Germany set a new clean energy record on 30 April after renewable sources generated 85% of the country’s electricity.
Breezy, sunny weather in the north and warm weather in the south of the country drove up solar and wind generation during the bank holiday weekend.
Operators were forced to turn off coal-fired power stations and reduce nuclear power facilities across the country as renewable generation soared.
The milestone comes in the wake of major government investments in Energiewende, the country’s transition to a low carbon economy.
The government has pledged to phase out nuclear power by 2022 and is aiming for at least 80% of power to come from renewable sources by 2050.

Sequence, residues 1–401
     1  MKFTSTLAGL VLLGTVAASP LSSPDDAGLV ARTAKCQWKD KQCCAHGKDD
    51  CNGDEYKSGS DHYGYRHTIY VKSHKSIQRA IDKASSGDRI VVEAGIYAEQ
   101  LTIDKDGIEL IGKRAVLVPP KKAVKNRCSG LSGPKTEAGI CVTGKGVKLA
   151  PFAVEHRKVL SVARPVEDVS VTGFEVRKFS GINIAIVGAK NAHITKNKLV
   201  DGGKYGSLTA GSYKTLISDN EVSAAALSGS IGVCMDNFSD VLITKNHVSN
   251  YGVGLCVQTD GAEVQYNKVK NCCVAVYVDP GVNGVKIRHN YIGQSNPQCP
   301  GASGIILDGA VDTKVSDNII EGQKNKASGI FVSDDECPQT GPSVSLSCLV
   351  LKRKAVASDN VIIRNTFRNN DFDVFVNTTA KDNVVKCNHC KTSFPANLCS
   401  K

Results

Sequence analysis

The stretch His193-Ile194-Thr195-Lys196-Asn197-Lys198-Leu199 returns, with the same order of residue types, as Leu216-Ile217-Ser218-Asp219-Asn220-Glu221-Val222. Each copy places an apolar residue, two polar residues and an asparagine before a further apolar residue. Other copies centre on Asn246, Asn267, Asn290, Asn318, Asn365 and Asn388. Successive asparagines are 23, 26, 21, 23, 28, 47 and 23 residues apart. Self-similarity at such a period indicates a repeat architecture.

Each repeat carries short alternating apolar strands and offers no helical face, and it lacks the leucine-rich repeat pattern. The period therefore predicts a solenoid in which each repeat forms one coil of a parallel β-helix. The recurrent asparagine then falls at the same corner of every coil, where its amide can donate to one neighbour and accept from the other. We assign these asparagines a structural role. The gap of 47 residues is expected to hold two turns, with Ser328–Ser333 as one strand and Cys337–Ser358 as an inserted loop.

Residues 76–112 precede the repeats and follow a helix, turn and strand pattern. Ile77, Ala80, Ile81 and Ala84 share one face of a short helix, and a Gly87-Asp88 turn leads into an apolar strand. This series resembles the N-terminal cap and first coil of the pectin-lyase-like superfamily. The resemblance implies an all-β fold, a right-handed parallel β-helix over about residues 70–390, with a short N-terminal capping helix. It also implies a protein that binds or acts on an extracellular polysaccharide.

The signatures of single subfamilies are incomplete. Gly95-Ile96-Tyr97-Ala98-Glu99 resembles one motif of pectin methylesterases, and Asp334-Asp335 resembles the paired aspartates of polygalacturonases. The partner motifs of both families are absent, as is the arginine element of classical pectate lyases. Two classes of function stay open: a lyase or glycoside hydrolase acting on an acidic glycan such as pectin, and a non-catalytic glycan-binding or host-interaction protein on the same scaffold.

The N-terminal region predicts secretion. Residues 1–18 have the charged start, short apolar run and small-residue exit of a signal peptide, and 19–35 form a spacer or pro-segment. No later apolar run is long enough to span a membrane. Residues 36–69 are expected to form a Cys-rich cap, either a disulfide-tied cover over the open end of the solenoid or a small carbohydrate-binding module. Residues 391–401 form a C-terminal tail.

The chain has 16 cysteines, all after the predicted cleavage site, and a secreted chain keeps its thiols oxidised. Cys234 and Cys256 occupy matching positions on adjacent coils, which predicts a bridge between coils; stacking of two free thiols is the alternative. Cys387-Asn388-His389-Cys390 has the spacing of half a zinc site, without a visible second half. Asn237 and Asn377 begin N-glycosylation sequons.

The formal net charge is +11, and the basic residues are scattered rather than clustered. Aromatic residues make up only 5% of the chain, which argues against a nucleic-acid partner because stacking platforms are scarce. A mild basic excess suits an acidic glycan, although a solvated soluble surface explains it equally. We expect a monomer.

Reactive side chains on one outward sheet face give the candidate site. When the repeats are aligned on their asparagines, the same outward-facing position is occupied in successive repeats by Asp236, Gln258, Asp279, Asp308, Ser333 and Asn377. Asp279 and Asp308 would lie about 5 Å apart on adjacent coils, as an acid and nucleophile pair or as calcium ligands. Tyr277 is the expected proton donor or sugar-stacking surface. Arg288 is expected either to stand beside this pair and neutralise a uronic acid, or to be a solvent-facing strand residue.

Patrick Graichen of Agora Energiewende told RenewEconomy that Sunday’s record would be “completely normal” by 2030.
“Most of Germany’s coal-fired power stations were not even operating on Sunday April 30th, with renewable sources accounting for 85 per cent of electricity across the country,” Graichen said. “Nuclear power sources, which are planned to be completely phased out by 2022, were also severely reduced.”
The UK set its own clean energy record last month as it went coal-free for a continuous 24 hour period for the first time since the industrial revolution.
Coal-fired power stations have been offline for extended periods in the past, but the previous record of 19 hours was set during a weekend – on 14 May 2016 – when demand is typically lower.
Environmentalists hailed the announcement as a watershed moment in Britain’s transition to a cleaner economy.
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